(director/writer: Rick Alverson; screenwriters: Dustin Guy Defa/Colm O’Leary; cinematographer: Lorenzo Hagerman; editors: Michael Taylor, Rick Alverson; music: Robert Donne; cast: Jeff Goldblum (Dr. Wallace Fiennes),  Tye Sheridan (Andy), Udo Kier (Frederick), Hannah Gross (Susan), Denis Lavant (Jack); Runtime: 106; MPAA Rating: NR; producers: Sara Murphy, Ryan Zacarias, Alison Rose Carter, Eddy Moretti; Kini Lorber; 2018-in English, French and German)

“If you want to see trauma, you’ll get an eyeful here.”

Reviewed by Dennis Schwartz

A convention defying grim arthouse coming-of-age drama/comedy, which is a confusing but provocative oddball satirical film about a case of a broken psyche being treated by an experimental lobotomy surgeon (whose technique calls for an ice pick to be inserted into the eye socket). By the way, Freeman had no training as a surgeon. It’s set in 1954, by director-writer  Rick Alverson (“New Jerusalem”/”The Comedy”). Alverson and his co-writers Guy Defa and Colm O’Leary loosely base the script on the story of controversial physician Walter Freeman, who specialized in lobotomies.The events may be true, but the movie’s story is fictional. It’s an acquired taste art film, certainly not for all. Jeff Goldblum deserves kudos for his alluring, creepy, wacko performance as Freeman, but the film takes too many wrong turns into banal territory for its own good.

We’re in the 1950s. The laconic, sexually-screwed-up and catonic teenager Andy (Tye Sheridan), in the country’s heartland, drives the Zamboni at a local ice rink. His insensitive German father Frederick (Udo Kier), a prohibitive former figure skater, teaches figure skating to mainly young girls, and remains distant from his emotionally needy son. Andy’s mom was some time ago placed in the local mental institution, and he’s not aware of her fate.

After Andy’s father dies, Dr. Wallace Fiennes (Jeff Goldblum), the physician who treated Andy’s mother for an unnamed illness arrives at the local institution Andy’s mom was kept. The itinerant physician, who is told by the institution they will no longer use his services, invites Andy to come along with him on one of his trips as a photographer. The manipulative physician wants Andy to document his work to show other institutions what he does in order to get work. Andy takes up the offer hoping to find out what happened to his mother.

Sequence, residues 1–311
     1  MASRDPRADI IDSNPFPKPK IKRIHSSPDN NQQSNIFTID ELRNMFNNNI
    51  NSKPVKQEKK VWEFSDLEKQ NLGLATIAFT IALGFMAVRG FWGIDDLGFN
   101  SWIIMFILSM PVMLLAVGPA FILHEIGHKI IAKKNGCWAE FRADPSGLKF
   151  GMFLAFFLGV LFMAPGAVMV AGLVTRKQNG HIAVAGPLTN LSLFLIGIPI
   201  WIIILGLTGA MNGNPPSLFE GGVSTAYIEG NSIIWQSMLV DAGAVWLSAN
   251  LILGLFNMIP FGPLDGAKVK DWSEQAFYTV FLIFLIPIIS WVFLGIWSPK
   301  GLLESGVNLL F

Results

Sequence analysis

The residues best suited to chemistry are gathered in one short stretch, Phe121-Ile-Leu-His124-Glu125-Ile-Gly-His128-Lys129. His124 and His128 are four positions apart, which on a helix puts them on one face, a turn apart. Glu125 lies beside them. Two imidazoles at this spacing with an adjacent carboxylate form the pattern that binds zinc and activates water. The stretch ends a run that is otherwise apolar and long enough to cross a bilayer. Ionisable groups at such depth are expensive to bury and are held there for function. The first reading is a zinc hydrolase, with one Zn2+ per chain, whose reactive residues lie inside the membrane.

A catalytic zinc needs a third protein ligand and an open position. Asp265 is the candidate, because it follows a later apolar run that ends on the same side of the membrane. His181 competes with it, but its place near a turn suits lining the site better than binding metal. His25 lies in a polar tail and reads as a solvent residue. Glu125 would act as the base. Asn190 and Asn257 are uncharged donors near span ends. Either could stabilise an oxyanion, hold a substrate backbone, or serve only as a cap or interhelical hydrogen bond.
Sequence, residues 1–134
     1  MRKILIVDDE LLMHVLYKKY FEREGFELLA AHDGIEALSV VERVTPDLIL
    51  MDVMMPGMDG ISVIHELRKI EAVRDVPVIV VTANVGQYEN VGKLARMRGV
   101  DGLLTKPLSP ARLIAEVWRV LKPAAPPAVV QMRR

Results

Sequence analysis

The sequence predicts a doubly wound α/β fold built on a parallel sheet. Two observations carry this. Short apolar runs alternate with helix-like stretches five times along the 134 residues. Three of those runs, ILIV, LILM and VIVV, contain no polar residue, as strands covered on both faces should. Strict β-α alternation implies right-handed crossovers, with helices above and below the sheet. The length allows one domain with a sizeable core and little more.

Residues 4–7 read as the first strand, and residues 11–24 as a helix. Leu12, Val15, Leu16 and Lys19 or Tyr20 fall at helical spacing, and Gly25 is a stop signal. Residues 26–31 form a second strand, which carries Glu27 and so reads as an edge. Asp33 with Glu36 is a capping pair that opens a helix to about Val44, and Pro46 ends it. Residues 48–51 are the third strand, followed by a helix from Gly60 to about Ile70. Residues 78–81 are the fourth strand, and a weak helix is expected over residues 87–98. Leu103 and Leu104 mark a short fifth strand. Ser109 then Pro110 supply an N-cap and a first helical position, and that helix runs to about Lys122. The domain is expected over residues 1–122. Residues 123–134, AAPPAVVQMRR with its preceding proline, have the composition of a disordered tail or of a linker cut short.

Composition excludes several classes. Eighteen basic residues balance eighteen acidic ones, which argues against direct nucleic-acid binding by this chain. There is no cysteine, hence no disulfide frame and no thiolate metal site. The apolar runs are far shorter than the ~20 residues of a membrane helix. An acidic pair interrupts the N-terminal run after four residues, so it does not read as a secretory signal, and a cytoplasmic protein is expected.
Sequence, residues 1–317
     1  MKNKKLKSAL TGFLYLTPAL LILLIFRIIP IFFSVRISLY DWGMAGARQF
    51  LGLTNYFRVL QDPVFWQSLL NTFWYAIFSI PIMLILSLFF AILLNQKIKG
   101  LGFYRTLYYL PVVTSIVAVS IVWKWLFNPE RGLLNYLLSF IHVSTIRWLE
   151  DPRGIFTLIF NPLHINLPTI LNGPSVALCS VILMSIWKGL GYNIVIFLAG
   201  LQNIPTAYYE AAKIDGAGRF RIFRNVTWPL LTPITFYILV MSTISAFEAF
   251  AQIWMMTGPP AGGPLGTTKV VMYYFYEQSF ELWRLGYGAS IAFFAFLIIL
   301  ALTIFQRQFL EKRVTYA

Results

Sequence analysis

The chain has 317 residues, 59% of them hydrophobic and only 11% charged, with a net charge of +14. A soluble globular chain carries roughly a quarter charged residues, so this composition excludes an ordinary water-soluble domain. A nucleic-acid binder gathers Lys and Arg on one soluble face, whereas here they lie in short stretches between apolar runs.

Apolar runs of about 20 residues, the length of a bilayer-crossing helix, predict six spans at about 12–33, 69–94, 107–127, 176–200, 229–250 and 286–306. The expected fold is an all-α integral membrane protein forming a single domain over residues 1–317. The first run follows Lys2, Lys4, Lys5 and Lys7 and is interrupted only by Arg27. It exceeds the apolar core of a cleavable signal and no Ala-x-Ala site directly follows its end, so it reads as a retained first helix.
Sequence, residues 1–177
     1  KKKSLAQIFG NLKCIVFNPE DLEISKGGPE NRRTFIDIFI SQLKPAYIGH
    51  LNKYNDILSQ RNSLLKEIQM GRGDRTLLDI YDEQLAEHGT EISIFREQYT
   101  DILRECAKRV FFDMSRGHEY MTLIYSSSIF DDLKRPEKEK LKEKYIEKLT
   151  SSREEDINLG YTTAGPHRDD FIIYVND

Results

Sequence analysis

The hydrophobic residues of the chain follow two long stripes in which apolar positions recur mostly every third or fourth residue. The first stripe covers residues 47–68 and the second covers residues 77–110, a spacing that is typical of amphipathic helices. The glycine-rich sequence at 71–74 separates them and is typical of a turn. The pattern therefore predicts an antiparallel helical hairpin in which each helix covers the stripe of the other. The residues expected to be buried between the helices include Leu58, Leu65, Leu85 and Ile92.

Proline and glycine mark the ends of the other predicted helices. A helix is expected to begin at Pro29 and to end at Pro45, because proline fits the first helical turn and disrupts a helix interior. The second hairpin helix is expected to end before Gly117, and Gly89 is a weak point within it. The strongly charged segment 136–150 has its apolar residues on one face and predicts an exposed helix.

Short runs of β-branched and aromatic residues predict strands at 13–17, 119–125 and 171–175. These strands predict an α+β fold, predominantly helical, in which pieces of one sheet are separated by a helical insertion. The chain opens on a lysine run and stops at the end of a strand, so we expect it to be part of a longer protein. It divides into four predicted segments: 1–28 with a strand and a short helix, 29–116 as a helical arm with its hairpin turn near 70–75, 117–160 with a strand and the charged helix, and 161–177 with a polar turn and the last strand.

The road trip that follows is eerie and menacing, as it’s filled with gruesome images of anguished people seemingly frozen in space and in time. They are similar to the photos Andy takes of Fiennes’ patients, before and after the insane “procedures.” If you want to see trauma, you’ll get an eyeful here.Though Fiennes is a zealot who truly believes he is helping his patients, the filmmaker makes sure that we know this is not true when viewing all his ghastly surgeries performed in various institutions across a depleted and sad looking America.

This un-commercial heart-breaking film ends in misery, as perhaps it should. Though a strangely curious film, one that is truly unique, I can’t recommend it to anyone who is not willing to risk seeing something so unpleasant and with so little reward.

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REVIEWED ON 7/27/2019       GRADE: B